The operator of a popular chain of quick service restaurants on the West Coast, In-N-Out Burger, recently sued startup Doordash alleging trademark infringement and false association. According to the complaint, the Doordash app offers consumers the ability to order a variety of food items from various restaurants to be delivered in about an hour. Once a consumer opens the app, a selection of available restaurants is offered, along with the restaurant’s trademark and logo. In-N-Out Burger claims that Doordash is using its trademark and logo without permission.

Although Doordash removed In-N-Out Burger from its list of available restaurants at In-N-Out Burger’s request, In-N-Out Burger alleges that Doordash subsequently allowed consumers to order from the restaurant once again. In-N-Out Burger alleges that it followed up with several letters between July and September 2015, all of which were ignored. In-N-Out Burger is seeking an injunction to stop Doordash from offering consumers the ability to order food from its restaurants using the app, as well as from using its trademarks and logos within the app.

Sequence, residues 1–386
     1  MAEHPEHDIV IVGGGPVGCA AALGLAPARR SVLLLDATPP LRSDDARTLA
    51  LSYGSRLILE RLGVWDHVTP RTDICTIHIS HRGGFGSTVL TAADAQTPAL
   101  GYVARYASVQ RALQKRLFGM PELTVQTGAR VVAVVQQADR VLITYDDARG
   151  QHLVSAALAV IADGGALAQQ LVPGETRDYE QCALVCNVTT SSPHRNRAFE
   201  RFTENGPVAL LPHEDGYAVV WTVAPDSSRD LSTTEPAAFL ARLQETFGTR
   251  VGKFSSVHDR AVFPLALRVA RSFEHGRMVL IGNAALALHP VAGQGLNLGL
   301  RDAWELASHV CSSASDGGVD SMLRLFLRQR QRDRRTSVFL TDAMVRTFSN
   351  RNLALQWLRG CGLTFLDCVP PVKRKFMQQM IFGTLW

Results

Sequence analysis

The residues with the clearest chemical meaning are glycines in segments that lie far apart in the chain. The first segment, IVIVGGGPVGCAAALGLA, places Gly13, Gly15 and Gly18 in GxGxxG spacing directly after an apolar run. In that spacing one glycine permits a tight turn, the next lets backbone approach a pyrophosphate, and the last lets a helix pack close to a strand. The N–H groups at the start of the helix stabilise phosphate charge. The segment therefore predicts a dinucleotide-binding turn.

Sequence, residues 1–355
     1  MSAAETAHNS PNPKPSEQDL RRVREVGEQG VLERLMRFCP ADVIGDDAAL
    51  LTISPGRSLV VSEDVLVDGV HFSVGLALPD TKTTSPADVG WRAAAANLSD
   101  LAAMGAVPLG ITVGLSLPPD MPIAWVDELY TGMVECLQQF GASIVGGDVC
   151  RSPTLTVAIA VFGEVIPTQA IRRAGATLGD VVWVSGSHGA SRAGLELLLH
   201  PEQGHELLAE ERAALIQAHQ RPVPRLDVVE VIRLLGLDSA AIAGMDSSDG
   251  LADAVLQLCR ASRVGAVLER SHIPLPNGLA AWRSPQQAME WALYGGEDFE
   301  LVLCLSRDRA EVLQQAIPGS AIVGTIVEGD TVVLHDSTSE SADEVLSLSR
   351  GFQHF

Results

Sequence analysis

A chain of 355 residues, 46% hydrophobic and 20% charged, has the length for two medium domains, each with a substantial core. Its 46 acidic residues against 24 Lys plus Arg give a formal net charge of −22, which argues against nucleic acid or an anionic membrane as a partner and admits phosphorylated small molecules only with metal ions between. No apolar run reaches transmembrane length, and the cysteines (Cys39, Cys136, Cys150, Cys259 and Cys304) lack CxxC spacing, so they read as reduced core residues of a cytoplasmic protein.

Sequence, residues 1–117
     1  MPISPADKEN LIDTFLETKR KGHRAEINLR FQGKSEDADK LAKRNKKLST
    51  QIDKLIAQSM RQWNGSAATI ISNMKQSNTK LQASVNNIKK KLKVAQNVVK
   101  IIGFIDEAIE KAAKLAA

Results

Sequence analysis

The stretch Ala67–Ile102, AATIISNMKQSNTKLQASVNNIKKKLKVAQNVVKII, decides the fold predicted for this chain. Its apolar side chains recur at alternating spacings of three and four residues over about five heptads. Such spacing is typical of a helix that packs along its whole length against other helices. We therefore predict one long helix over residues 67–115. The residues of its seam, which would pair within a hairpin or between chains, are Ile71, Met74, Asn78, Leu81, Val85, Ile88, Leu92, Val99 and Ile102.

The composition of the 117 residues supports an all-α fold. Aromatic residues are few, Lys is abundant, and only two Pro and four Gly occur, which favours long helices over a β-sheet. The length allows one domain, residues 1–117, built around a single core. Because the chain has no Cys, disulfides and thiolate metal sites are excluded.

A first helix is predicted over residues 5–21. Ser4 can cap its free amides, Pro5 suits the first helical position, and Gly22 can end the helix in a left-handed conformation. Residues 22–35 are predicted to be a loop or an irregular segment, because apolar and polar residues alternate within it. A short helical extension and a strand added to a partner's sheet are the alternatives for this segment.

TIP: Startups offering on-demand services, often in connection with goods and services of unaffiliated third parties, may risk legal disputes with these third parties. Such disputes will likely turn on the application of the fair use defense to claims of trademark infringement and whether the services offered create a false association between the two companies.